As shown in Table 3, the resistance of the connection using the film according to Comparative Example 1 after reliability testing under high-temperature and high-humidity conditions increased about 5.33 times as compared with the initial resistance. The resistance of the connection using the film according to Comparative Example 2 increased about 11.3 times. However, the resistance of the connection using the film according to Example 1 increased about 3.07 times, while the resistance of the connection using the film according to Example 2 increased by about 2.9 times.

The anisotropic conductive film prepared using a hydrogenated bisphenol A epoxy monomer represented by Formula 1 may have relatively dense and hard properties, and thus may have substantially improved heat resistance and moisture resistance, and substantially improved reliability.

By way of summary and review, an anisotropic conductive film (ACF) may refer to a film-like adhesive in which conductive particles are dispersed in a resin. The anisotropic conductive film may be a polymer-based layer having electric anisotropy and an adhesive property, and may exhibit conductive properties in the thickness direction of the film and insulating properties in the surface direction of the film. Such anisotropic conductive films may be used, e.g., to electrically connect elements of electronic devices, e.g., liquid crystal display (LCD) panels, printed circuit boards, tape carrier packages (TCPs), semiconductor devices, and the like.

When an anisotropic conductive film is disposed adjacent to a circuit board and subjected to heating and pressing under suitable conditions, circuit terminals of the circuit board may be electrically connected through conductive particles, and an insulating adhesive resin may fill in spaces between adjacent circuit terminals to make the conductive particles independent from each other, thereby achieving high insulation performance between the circuit terminals.

A thermally curable insulating resin may be used for an anisotropic conductive film. The thermally curable resin may experience curing shrinkage due to a volume change resulting from the temperature difference of the thermal curing. When curing shrinkage occurs, the anisotropic conductive film may be substantially deteriorated in dimensional stability, and thus may cause an increase in defect rate. In particular, an epoxy resin may be used as a thermally curable resin for improved adhesive strength, heat resistance, and moisture resistance, but may have a relatively high bonding temperature and a substantially long bonding time, thereby causing an increased possibility of defects after film formation.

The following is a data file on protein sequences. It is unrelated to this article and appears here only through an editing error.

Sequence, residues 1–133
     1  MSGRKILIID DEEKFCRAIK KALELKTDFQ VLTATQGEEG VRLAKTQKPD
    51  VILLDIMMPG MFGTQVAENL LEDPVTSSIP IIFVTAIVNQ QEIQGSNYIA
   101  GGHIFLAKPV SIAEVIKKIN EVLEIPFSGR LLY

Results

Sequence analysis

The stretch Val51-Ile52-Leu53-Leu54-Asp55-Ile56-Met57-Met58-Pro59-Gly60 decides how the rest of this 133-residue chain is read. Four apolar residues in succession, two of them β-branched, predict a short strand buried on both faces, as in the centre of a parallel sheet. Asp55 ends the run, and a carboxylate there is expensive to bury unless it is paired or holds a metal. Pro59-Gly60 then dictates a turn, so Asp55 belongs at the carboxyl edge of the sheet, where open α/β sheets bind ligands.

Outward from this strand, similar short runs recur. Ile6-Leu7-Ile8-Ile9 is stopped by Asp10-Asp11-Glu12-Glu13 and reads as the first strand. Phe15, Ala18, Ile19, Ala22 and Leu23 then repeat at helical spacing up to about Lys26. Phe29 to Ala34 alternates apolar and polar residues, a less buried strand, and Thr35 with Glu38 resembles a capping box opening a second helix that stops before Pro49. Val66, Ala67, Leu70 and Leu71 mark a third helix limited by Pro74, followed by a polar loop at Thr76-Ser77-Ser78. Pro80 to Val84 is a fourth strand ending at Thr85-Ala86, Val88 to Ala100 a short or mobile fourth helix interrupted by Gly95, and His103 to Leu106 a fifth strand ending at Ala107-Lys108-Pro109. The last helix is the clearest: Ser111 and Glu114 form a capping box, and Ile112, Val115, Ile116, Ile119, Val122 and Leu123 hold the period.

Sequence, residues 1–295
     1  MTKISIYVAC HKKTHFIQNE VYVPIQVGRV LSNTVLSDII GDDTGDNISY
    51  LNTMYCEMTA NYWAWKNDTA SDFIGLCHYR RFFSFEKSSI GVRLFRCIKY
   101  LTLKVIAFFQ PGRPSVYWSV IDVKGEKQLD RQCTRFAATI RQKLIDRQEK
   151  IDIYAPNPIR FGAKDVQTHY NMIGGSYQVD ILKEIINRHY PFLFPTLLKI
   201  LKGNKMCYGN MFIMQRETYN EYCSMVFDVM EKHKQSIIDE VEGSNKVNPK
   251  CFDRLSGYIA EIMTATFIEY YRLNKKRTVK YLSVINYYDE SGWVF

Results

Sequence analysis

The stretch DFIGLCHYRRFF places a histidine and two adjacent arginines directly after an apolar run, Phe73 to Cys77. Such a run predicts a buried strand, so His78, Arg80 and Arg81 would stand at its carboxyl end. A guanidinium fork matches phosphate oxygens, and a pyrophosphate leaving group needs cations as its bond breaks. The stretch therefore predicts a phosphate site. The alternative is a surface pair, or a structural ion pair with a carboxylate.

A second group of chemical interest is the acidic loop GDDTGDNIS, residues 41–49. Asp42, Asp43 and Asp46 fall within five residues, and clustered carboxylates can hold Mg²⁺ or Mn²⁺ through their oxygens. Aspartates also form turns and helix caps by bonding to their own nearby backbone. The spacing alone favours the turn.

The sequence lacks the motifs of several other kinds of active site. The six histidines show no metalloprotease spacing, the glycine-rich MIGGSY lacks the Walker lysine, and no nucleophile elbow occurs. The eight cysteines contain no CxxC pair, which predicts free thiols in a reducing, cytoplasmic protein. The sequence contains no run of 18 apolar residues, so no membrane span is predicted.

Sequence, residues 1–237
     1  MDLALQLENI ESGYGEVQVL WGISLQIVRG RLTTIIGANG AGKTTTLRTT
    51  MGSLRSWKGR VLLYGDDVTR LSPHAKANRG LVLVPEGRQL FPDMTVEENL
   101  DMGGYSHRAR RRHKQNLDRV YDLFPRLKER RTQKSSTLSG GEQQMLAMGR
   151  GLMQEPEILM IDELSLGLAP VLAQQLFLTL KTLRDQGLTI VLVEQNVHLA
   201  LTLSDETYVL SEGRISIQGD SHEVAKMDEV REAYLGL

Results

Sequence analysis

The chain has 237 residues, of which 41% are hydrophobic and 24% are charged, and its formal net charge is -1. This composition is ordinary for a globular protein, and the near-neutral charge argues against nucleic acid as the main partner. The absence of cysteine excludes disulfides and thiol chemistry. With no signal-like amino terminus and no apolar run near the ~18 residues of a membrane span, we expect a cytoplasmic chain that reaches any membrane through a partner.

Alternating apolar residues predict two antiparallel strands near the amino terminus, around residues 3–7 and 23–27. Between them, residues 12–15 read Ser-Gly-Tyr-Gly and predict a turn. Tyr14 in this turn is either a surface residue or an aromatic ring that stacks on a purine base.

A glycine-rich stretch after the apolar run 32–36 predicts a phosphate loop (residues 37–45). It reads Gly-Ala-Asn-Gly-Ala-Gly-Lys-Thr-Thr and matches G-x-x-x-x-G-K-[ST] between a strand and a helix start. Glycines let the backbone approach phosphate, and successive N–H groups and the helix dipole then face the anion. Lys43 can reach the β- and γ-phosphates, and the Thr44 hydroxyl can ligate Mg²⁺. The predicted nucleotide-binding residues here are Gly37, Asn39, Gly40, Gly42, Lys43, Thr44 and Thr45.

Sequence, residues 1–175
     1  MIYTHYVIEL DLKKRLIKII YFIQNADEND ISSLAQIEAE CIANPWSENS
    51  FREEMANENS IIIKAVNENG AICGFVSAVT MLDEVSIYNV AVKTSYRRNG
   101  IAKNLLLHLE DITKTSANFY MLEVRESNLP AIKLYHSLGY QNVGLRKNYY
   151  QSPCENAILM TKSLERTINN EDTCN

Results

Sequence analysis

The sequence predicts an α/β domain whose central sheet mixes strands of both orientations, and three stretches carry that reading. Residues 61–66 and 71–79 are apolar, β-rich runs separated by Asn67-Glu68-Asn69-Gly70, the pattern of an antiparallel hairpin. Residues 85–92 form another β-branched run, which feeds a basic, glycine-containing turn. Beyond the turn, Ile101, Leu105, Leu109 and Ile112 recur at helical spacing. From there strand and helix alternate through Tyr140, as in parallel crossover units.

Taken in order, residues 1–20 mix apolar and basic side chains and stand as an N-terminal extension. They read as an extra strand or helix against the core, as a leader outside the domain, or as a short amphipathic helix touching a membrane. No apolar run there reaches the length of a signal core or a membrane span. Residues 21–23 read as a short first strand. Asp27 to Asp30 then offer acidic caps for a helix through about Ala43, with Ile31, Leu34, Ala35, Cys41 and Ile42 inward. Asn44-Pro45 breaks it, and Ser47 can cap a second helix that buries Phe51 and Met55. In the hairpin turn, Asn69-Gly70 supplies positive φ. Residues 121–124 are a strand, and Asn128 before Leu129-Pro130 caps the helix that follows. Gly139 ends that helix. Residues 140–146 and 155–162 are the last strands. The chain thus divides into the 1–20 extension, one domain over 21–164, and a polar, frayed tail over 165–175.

A chip-on-glass (COG) is a chip mounting technique for mounting chips on a glass substrate, e.g., having a thin film circuit formed thereon. The COG may enable an IC to be directly mounted on a liquid crystal glass panel in a liquid crystal display. An anisotropic conductive film for COG may be expected to have an adhesive strength of at least about 30 MPa or more and suitable connection resistance so as to securely hold and connect an IC (e.g., a drive IC) to the panel, not only initially, but also after reliability testing. However, anisotropic conductive films for COG may have a low modulus after curing and may be vulnerable to heat and humidity, thereby substantially reducing the reliability of the connected product.

The conditions discussed above related to anisotropic conductive films with a relatively high bonding temperature and a substantially long bonding time (thereby causing defects) and anisotropic conductive films with a low modulus after curing and increased vulnerability to heat and humidity (thereby causing unreliable connections) may be substantially avoided by using the anisotropic conductive films disclosed herein.

The anisotropic conductive film compositions disclosed herein may include a sulfonium curing agent, and thus may be relatively rapidly cured at low temperature. More particularly, the anisotropic conductive film composition may have a curing rate of 70% or more when cured at 150 to 170° C. for 5 to 10 seconds. Thus, shrinkage due to volume change and defects resulting therefrom may be substantially reduced.

The anisotropic conductive film composition disclosed herein may also include a hydrogenated bisphenol A epoxy monomer and/or oligomer, and thus may be relatively hard and may exhibit substantially improved moisture resistance and heat resistance, and accordingly may be particularly useful as an anisotropic conductive film for chip-on-glass (COG). More particularly, the anisotropic conductive film may provide a glass transition temperature of 120° C. or more. Thus, the anisotropic conductive film may have substantially improved resistance to deformation by temperature or humidity, and thus may have relatively high connection reliability.

Example embodiments have been disclosed herein, and although specific terms are employed, they are used and are to be interpreted in a generic and descriptive sense only and not for purpose of limitation. In some instances, as would be apparent to one of ordinary skill in the art as of the filing of the present application, features, characteristics, and/or elements described in connection with a particular embodiment may be used singly or in combination with features, characteristics, and/or elements described in connection with other embodiments unless otherwise specifically indicated. Accordingly, it will be understood by those of skill in the art that various changes in form and details may be made without departing from the spirit and scope of the present invention as set forth in the following claims.

Claims